Mandan News

Brian L. Gray: Welcome to North Dakota, the nation’s freezing hotspot

 

Are you currently down on your luck? Dealing with hard times? Have you recently been fired? Did a bank take your house away? Do you worry your children are no longer safe in your own home?

It’s hard to trust people these days. Everyone seems to be looking out for themselves, and anyone can turn on you as swiftly and unexpectedly as the wind blows.

Here in North Dakota, we know what it’s like to be beaten down. No other state is often made the butt of jokes as we are. We are America’s redheaded stepchild. Every contiguous group has one, and we are it. And that’s normally how we’re known – “Hey, it’s flat and boring in North Dakota, ha!” “In every North Dakota city, you can get anywhere in less than ten minutes – that is, if your horse and buggy don’t break down! Ha ha!” “And in North Dakota, you only have three seasons – cold, really cold, and getting cold! HA HA!”

We know. We’ve heard them all. And we’d fight back at these attacks more aggressively… if some of them weren’t actually kind of true.

But we are other things too. We are a state that works at its own tempo. We have a personality unlike any other state.

We know what it’s like not to trust people. We like our quiet, peace and privacy here. We don’t like being the target of jokes, but we really don’t care. We have more important things going on.

And now, whether we like it or not, we are in the nation’s spotlight. The state that likes to keep quiet and do its own thing is being watched enviously by the rest of the country. Outsiders are flocking to us. Our oil boom, our low unemployment, our low crime rate, our landmark large buffalo and tin families, these and much more are finally proving to the rest of the country that we are more than just a joke.

So if you’re new here, welcome to North Dakota. We like strangers here. We wave hello to you even if we don’t know you, we invite you into our homes, and we strike up conversations with you and walk away feeling we’ve made a new friend. That’s how we do things here. I hope some of it rubs off on you.

And yes, we do get cold here. Some of us spend that frigid time cursing Mother Nature, while others transcend and find ways to make it fun.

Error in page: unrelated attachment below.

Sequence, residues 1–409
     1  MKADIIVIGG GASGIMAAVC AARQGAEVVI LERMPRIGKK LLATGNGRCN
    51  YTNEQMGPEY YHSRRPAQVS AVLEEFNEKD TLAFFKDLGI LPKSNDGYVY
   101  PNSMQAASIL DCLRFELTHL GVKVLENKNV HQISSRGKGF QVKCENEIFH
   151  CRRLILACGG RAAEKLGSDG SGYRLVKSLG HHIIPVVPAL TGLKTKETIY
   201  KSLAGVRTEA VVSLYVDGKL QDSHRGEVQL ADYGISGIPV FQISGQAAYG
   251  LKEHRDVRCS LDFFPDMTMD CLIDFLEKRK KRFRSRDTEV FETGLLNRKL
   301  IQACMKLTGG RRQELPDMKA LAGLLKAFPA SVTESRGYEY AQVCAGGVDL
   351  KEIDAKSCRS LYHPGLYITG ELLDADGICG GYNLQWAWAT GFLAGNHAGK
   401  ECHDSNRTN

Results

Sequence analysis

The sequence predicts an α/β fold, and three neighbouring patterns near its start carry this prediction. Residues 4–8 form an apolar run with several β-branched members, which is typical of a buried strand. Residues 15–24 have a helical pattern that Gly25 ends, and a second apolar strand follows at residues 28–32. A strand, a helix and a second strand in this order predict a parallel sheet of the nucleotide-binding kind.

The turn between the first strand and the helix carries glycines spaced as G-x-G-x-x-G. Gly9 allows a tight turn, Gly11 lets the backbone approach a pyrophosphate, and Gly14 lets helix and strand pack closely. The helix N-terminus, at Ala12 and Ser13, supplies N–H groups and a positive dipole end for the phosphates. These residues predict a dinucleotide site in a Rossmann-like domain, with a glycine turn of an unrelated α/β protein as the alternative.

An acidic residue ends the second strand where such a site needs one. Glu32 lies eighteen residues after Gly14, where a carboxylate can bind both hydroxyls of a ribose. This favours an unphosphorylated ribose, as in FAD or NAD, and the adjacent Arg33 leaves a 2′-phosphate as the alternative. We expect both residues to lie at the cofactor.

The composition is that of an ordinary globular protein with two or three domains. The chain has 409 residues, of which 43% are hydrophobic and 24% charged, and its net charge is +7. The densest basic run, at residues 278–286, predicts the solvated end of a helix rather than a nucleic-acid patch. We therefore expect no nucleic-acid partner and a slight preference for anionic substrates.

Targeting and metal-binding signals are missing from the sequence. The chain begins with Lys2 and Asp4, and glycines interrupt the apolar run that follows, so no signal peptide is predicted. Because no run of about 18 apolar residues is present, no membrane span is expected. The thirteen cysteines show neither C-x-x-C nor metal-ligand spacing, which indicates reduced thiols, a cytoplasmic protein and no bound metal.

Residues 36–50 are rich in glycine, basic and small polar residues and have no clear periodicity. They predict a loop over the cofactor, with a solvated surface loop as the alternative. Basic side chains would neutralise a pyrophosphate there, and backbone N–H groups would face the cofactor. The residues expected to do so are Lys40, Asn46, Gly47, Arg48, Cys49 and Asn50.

We’re also claustrophobic, we appreciate our space here. We don’t really like to be told how to live. We need our liberty to live the way we want.

We are friendly, but we’re also a bit weary, reluctant, practical. And territorial. We care about this land. We’re not all Republicans, or rednecks, or antiquated Germans with funny accents and weird food. We are also liberals. We are progressives, creative artists. We are a mixtape, a breathing garden, blades of grass, snowflakes, an eclectic blend of souls that stretch the latitudes of human-kind’s variety, and are bonded together by this sacred land.

There are those here who won’t say much to you. Don’t take it personally, they really just don’t have that much to say. Many of us are introverted, and few on words.

We have our bad elements too. You can never run from them. If they’re here, they’re everywhere. It’s okay. You can’t always fix stupid.

There is one thing you should know. If you’re going to live here you’ll need to hold out your hands. It sounds silly, but that’s what we do here. Don’t worry, we’re not going to slap them. We do it to wave hello to people, to hold open doors for them, to help them out when they’re in trouble. We don’t wait for solutions to come to us. When we have problems we hold our hands out and get the problem done ourselves. When we faced devastating floods in 2011, we didn’t sit back and wait for others to save us, we held our hands out and got them dirty, and did the best we could to protect ourselves and our neighbors. We didn’t do it for compliments or glory, we did it because it needed to be done, and so we did it. We expect that from people who live here.

So don’t expect praise, because you’re not going to get it. We’re not easily impressed here. You’re not entitled. No one’s any better than anyone else.

That’s not to say we’re hard to satisfy, we just have more important things on our minds. We have children to raise, families to care for. We know a great society starts in the home, so that’s where our focus lies. We work to make a better future.

But there’s something else that makes a North Dakotan a genuine North Dakotan. Something to do with the spirit we carry within, that pride we exude. It’s very internal, and hard to express. It can’t really be described in words, it can only be experienced. And it’s all over, you just need to look for it. It becomes visible when you see old folks drinking coffee at a diner, or children performing Christmas concerts, or teens playing sports while their parents emphatically cheer them on.

I felt it myself right after I returned here upon graduating from college. I was shopping at a thrift store in Mandan, and the lady behind the checkout counter told me she’d run out of plastic bags, and had nothing to place my things in. After thinking for a second, she finally came up with a solution, and said to me, “Oh, that’s okay. I’ll just put it in a garbage bag for you.” I merely laughed to myself and thought, “I’m home.”

It’s about having a lack of pretension. It’s about being true to who you are, and working your way to become the person you want to be, while not worrying what others think of you, which partly defines who we are. We care for our neighbors, and help them when they need it – whether we actually like them or not. It’s about caring for yourself and the person next to you.

And that, I believe, is the North Dakota way.

I can only hope the best of us is something that becomes a part of you. Welcome.